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"Energizing Our Easter Baskets from the Bible"
by Barbara Smith

Can we talk? It's tightrope time again around my house. The egg-laying rabbits are making appearances in the grocery stores, along with the "available only at Easter chocolate cream eggs," mountains of jelly beans, garish pastel baskets and ubiquitous plastic grass. Hold on, now! I am not an off-season Scrooge. I'm not against jelly beans or chocolate bunnies; nor am I opposed to brightly colored eggs nestled in green plastic grass.

Can we just take some time and think through what and how we can do to commemorate April 5, lest jelly beans and bunnies, decorated eggs and chicks divert even believers from exulting in the Resurrection message? (See 1 John 2:15) What can we plan for our families, or put into gaily trimmed Easter baskets and family observances that strengthen faith and build our spiritual muscles?

Reconciling the world's celebration of Easter with the most solemn and glorious observance on the Christian church's calendar is a harder stretch than navigating the couple weeks of insanity before December 25. The secular Christmas symbols are truer faith builders than many Easter customs. Christ's name is in the center; the worldly hoopla over creches is at least an authentic reminder that God entered history as a human baby; and the modern figure of Santa Claus evolved from a real man who loved Jesus. "Easter" is the name of the Anglo-Saxon spring goddess Eostre, and is the first of many veils the world drops to shroud the greatest of Christian feasts.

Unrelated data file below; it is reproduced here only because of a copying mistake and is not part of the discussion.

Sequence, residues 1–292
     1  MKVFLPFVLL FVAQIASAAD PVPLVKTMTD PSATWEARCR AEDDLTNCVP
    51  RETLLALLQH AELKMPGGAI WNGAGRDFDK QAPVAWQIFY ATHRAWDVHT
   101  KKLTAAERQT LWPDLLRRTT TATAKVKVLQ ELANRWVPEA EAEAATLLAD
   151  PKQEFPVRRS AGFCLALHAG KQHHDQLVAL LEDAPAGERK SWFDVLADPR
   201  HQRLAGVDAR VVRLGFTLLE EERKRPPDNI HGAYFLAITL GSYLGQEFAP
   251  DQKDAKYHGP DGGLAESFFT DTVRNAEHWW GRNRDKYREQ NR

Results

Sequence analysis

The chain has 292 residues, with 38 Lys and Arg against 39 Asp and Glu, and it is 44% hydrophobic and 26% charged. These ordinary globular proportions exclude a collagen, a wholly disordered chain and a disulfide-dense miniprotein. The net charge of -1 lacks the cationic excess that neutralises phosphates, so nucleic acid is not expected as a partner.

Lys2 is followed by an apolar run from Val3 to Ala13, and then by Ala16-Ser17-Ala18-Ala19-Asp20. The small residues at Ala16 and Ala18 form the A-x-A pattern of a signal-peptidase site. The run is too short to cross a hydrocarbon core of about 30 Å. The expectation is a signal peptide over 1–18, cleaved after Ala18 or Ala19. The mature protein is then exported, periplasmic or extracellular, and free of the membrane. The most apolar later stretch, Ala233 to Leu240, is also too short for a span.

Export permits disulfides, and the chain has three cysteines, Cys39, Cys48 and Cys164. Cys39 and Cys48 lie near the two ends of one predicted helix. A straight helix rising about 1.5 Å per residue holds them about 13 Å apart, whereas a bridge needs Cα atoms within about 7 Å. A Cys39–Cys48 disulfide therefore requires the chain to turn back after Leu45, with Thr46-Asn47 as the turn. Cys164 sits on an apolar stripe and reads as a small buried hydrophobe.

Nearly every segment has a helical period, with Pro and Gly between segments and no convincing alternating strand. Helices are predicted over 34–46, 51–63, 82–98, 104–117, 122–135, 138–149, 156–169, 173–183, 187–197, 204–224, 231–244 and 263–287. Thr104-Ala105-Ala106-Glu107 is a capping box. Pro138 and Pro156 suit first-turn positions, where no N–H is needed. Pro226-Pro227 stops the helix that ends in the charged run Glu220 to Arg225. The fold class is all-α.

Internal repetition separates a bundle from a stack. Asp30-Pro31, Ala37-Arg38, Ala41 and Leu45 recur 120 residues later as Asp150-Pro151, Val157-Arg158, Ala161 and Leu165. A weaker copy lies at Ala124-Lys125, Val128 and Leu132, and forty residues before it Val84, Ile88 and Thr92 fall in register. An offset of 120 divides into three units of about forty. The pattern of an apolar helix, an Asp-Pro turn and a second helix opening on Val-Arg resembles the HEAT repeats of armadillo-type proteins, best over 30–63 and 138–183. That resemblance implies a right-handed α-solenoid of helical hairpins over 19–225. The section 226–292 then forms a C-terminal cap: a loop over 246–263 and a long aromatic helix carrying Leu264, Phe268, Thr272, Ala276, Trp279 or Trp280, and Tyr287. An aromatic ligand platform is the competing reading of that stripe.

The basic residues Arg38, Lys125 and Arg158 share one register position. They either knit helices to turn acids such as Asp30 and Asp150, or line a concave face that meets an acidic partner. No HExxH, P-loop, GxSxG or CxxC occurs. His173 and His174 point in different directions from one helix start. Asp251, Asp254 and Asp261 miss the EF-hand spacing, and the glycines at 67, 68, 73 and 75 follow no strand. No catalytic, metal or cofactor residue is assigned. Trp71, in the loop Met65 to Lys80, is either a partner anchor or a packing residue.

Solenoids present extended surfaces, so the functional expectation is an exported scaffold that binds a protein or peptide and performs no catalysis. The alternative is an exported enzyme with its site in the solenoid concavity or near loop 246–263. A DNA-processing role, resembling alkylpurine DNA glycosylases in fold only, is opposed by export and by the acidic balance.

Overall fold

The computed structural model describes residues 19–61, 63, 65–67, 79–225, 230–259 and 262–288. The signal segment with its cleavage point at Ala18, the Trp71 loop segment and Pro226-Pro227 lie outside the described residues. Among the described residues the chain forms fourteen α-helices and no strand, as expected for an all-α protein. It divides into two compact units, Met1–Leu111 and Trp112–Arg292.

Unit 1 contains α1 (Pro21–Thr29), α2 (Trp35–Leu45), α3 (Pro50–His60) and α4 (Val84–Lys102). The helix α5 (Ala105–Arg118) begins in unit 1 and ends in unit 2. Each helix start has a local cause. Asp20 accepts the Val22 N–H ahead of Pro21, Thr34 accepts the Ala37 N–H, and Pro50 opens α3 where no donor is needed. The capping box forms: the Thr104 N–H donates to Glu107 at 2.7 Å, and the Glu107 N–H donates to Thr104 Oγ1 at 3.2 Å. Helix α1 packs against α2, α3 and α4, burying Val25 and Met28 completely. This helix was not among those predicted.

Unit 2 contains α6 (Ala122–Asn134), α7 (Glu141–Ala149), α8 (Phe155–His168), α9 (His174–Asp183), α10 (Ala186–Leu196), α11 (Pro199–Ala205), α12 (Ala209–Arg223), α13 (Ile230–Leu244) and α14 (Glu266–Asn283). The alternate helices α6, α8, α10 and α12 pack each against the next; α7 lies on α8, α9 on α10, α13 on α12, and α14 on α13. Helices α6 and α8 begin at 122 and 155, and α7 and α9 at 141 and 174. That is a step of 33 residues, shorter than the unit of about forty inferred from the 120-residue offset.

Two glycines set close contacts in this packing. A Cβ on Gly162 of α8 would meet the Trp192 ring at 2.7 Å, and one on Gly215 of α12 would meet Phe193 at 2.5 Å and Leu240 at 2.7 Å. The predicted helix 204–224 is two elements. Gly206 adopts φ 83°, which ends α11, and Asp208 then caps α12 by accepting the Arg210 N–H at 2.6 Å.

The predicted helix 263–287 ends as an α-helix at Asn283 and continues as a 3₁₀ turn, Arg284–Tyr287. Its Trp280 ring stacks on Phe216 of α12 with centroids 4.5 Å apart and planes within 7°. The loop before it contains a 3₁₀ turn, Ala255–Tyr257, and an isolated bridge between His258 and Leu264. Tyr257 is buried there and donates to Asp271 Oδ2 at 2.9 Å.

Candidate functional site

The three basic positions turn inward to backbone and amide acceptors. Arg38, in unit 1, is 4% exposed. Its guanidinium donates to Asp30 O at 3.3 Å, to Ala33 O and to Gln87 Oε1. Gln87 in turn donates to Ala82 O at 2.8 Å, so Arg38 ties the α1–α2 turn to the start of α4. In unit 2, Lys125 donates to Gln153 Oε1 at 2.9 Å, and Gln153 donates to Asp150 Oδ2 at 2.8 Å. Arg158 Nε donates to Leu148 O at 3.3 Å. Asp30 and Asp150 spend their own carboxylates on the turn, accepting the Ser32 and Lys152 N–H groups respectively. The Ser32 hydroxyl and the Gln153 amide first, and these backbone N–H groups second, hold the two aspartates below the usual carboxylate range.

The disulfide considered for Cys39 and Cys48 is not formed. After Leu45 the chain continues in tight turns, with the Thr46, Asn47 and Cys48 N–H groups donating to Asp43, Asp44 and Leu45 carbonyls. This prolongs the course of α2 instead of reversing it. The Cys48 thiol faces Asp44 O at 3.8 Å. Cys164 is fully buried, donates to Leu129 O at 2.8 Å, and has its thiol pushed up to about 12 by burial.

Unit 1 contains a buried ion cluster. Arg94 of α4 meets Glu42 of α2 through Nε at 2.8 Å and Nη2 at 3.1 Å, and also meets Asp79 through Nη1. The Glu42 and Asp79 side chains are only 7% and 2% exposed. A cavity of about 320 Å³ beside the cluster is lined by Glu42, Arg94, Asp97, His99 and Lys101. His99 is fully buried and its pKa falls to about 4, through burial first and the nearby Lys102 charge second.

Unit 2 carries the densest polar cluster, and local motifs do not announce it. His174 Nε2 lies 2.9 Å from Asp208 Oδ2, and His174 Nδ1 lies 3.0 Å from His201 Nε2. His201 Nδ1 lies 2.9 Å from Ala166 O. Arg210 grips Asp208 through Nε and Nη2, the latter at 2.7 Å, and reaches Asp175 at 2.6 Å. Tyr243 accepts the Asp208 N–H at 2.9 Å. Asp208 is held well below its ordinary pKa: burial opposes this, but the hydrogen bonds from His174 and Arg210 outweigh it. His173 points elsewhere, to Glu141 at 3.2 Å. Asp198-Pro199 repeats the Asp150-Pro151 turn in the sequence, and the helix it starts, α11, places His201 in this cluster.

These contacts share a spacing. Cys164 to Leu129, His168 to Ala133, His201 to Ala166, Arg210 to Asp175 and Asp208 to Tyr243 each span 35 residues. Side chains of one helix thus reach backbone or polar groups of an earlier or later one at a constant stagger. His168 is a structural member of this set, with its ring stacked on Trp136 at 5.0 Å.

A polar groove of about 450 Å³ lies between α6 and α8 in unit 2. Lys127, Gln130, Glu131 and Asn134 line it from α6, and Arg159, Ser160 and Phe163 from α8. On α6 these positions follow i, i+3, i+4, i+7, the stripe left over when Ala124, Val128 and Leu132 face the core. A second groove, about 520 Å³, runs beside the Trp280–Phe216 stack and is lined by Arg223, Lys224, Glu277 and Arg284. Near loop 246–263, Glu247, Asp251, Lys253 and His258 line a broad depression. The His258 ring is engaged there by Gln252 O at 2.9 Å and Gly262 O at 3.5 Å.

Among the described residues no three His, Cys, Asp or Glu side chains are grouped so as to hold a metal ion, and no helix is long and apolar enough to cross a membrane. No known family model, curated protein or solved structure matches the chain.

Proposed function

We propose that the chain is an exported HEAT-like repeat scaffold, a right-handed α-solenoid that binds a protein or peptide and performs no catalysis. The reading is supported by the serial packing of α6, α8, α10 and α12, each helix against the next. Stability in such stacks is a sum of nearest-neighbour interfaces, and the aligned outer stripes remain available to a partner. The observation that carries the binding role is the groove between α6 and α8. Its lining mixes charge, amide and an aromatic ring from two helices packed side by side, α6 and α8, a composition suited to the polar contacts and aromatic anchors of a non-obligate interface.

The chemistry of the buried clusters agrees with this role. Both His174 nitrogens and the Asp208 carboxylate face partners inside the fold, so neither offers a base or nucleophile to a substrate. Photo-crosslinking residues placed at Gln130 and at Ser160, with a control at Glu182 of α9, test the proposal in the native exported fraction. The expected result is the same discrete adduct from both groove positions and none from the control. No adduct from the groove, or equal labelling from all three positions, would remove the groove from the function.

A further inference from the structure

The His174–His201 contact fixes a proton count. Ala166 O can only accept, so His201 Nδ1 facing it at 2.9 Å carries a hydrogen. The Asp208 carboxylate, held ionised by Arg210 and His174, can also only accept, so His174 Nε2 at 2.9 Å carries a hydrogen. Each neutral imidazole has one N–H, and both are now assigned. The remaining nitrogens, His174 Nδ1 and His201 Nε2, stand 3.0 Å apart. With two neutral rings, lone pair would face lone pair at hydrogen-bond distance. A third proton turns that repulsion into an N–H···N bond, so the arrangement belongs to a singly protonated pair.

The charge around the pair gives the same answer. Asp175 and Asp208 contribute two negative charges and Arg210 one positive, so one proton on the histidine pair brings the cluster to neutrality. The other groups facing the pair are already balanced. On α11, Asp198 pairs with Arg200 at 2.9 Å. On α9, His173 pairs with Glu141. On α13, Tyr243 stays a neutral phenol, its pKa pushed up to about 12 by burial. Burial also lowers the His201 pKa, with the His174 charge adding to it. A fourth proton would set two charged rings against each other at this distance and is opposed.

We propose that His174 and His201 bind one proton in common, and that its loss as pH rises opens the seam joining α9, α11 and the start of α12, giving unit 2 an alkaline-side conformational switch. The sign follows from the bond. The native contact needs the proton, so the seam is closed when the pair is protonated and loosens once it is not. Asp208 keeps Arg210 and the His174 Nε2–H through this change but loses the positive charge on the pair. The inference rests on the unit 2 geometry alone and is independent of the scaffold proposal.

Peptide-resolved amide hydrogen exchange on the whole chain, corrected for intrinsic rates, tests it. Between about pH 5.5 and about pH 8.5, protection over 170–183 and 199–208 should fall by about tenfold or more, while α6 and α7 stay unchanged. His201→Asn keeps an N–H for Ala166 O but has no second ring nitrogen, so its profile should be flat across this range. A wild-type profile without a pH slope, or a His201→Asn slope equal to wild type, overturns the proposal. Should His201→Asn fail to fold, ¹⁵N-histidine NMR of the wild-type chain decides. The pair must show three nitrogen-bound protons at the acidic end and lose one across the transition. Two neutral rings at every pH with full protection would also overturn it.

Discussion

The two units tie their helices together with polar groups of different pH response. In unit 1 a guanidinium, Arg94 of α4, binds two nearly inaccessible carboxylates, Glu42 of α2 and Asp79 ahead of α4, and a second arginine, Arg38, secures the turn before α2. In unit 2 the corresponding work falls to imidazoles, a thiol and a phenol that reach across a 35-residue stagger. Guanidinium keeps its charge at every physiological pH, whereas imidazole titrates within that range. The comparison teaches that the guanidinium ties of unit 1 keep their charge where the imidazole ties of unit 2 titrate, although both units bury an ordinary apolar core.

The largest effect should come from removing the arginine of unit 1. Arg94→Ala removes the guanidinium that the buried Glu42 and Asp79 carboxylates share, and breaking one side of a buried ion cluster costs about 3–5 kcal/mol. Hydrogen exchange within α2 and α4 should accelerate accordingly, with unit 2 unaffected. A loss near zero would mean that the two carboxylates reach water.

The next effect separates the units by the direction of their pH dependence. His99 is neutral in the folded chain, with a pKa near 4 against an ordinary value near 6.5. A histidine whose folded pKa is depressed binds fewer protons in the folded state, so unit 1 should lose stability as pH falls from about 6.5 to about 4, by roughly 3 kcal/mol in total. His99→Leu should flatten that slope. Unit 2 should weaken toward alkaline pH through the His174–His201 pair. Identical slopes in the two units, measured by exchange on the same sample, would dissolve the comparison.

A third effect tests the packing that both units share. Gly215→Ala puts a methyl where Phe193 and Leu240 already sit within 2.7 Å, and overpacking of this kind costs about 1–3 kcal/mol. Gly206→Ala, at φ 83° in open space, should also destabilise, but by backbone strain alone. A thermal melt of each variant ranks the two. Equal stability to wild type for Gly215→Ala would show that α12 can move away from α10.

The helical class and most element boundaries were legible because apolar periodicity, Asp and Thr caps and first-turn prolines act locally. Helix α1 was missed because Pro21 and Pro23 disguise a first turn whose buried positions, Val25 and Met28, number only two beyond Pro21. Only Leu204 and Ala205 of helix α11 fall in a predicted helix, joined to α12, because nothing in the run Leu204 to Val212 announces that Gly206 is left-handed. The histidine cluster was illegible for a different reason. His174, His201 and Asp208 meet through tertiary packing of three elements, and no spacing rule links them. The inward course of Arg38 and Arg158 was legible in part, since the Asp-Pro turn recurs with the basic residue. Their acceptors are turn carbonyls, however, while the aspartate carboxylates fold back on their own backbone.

The world pauses to enjoy the Easter weekend. However, its festivities avoid mentioning the bloody and brutal death and burial of Christ, and skip over the meaning as deftly as its skips over the meaning of the Incarnation. (See John 3:16) Unlike many Christmas decorations, the customary Easter trappings hardly tell anyone of the Resurrection of Jesus Christ from the dead. Dyed eggs and baskets of tasty sweets may sometimes be framed against the backdrop of a pristine cross, but generally traditional Easter symbols simply augur a new fresh season not the hope of new birth. ( See 2 Corinthians 5:17) "Peter Cottontail " is hardly a trustworthy paradigm of Saint Peter or any other Christian figure. How can a rabbit energize Christians the way a real apostle like Peter, or even a real disciple like Nicolas? (See John 13:35.) Candy or colored fluff and cartoon characters will not declare God's greatest intervention in human history!